## The answer is e, what was the question?! A rather exotic question on X validated: since π can be approximated by random sampling over a unit square, is there an equivalent for approximating e? This is an interesting question, as, indeed, why not focus on e rather than π after all?! But very quickly the very artificiality of the problem comes back to hit one in one’s face… With no restriction, it is straightforward to think of a Monte Carlo average that converges to e as the number of simulations grows to infinity. However, such methods like Poisson and normal simulations require some complex functions like sine, cosine, or exponential… But then someone came up with a connection to the great Russian probabilist Gnedenko, who gave as an exercise that the average number of uniforms one needs to add to exceed 1 is exactly e, because it writes as $\sum_{n=0}^\infty\frac{1}{n!}=e$

(The result was later detailed in the American Statistician as an introductory simulation exercise akin to Buffon’s needle.) This is a brilliant solution as it does not involve anything but a standard uniform generator. I do not think it relates in any close way to the generation from a Poisson process with parameter λ=1 where the probability to exceed one in one step is e⁻¹, hence deriving  a Geometric variable from this process leads to an unbiased estimator of e as well. As an aside, W. Huber proposed the following elegantly concise line of R code to implement an approximation of e:

1/mean(n*diff(sort(runif(n+1))) > 1)

Hard to beat, isn’t it?! (Although it is more exactly a Monte Carlo approximation of $\left(1-\frac{1}{n}\right)^n$

which adds a further level of approximation to the solution….)

### 10 Responses to “The answer is e, what was the question?!”

1. Zen Says:

By the way, the only condition is that the sequence is exchangeable. There is no need to suppose that the r.v.’s are iid uniforms. The result is much more general.

• xi'an Says:

True. This is a rank property.

2. Zen Says:

This wonderful vectorized R one-liner by Huber made laugh out loud about the “C in R” code I wrote answering this question last year!

http://stats.stackexchange.com/questions/148962/suppose-x-1-x-2-dotsc-x-n-are-i-i-d-random-variables-when-is-the-sequenc?rq=1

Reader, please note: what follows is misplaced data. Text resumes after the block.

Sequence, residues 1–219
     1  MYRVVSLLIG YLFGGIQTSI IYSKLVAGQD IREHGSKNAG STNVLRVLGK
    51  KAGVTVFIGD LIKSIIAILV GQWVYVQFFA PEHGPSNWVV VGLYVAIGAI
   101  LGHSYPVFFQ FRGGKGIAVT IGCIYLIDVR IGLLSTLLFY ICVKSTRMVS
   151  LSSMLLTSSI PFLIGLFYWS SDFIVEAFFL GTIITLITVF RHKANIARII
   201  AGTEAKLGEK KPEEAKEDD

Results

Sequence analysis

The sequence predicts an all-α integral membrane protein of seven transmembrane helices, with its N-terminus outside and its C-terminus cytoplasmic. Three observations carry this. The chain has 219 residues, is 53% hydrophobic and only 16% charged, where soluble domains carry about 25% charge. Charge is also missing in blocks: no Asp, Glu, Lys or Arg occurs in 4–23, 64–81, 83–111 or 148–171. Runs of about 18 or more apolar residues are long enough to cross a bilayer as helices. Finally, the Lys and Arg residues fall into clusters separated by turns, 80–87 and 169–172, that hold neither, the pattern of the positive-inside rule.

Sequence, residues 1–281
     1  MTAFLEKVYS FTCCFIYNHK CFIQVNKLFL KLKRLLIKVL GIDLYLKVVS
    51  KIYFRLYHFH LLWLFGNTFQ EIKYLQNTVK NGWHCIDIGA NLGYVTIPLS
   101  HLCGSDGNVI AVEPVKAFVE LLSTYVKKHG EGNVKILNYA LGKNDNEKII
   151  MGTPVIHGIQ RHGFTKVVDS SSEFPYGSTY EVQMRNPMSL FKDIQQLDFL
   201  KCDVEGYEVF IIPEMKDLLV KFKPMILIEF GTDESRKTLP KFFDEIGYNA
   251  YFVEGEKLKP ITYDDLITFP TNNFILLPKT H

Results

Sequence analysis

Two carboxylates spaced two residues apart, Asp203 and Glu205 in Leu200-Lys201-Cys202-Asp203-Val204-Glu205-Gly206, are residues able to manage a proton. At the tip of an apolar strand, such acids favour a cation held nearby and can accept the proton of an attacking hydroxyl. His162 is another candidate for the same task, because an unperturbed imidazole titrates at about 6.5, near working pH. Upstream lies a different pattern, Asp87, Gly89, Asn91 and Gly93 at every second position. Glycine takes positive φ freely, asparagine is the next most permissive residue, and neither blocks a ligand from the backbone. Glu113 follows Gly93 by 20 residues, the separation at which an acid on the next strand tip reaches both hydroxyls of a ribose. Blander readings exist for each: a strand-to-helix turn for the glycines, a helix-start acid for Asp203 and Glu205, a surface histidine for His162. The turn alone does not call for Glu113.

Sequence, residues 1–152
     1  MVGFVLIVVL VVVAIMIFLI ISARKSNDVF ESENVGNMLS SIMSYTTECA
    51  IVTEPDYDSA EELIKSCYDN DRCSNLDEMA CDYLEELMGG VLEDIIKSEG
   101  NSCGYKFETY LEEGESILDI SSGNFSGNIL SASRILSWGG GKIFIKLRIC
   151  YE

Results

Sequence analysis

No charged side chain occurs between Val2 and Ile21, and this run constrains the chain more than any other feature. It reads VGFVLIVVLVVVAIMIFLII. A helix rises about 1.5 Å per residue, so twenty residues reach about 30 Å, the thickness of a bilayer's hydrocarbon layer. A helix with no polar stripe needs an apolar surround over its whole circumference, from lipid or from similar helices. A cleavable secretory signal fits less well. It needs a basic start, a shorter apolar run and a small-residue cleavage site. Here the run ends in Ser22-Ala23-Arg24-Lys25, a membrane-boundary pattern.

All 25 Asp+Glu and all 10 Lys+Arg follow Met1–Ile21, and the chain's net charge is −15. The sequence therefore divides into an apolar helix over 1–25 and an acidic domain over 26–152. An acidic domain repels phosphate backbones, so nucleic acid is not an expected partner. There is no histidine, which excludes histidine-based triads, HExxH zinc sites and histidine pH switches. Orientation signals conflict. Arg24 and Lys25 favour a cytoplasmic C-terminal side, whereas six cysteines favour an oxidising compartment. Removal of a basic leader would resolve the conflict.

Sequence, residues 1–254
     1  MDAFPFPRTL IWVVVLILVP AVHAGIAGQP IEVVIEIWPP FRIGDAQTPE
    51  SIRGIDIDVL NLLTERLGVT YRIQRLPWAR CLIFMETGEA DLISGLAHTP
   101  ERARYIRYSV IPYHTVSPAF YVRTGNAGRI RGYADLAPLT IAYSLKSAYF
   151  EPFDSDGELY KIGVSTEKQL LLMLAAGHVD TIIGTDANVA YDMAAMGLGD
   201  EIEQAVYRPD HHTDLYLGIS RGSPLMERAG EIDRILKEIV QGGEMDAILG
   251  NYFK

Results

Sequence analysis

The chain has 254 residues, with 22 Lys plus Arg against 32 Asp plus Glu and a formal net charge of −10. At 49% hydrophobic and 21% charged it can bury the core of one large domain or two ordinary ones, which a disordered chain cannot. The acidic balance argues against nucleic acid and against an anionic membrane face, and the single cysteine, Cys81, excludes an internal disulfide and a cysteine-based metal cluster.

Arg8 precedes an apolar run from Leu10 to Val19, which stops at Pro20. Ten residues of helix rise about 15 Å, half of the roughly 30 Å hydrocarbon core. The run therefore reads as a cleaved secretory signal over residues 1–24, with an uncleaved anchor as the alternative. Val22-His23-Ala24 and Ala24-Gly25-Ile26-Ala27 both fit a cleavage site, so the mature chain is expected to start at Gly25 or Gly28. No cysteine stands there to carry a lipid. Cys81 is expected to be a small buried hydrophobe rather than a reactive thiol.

• xi'an Says:

This is very concise indeed. I am seeking a similar line for the Gnedenko solution, aiming at analysing a long uniform vector in one go with no recursion.

• xi'an Says:

I also have a one-line solution for the Forsythe’s method! Soon to be posted on the ‘Og, but already updated within my resolution on X validated.

3. Georges Henry Says:

As correctly pointed out by Alex Thiery, the only non trivial thing to prove is that $Pr(U_1+\cdots+U_k<1)=1/k!$ when the $U_i$‘s are independent and uniform on (0,1). The best is to imagine that $(U_1,\ldots,U_k)$ is uniform in the cube $(0,1)^k$ and consider the volume of the tetrahedron defined by $U_1+\cdots+U_k<1$

• xi'an Says:

Very nice and intuitive explanation as to why the probability is 1/k!

4. […] article was first published on R – Xi’an’s Og , and kindly contributed […]

5. Alex Thiery Says:

That’s neat!

One can also think about it in terms of random truncations (a.k.a.Russian roulette). Indeed, an unbiased estimate of “e” is given by the sum from k=1 to k=N of 1/[k! * P(k <= N)] where N is any reasonable integer valued random variable.

If N is the number of uniform random variables one needs to add up to exceed 1 then one precisely has that P(k <= N) = 1/k! and this gives back the mentioned result. But there are many other choices…

• xi'an Says:

Right! The Glynn-Rhee approach has indeed the power to turn it into an unbiased estimator. Thanks.

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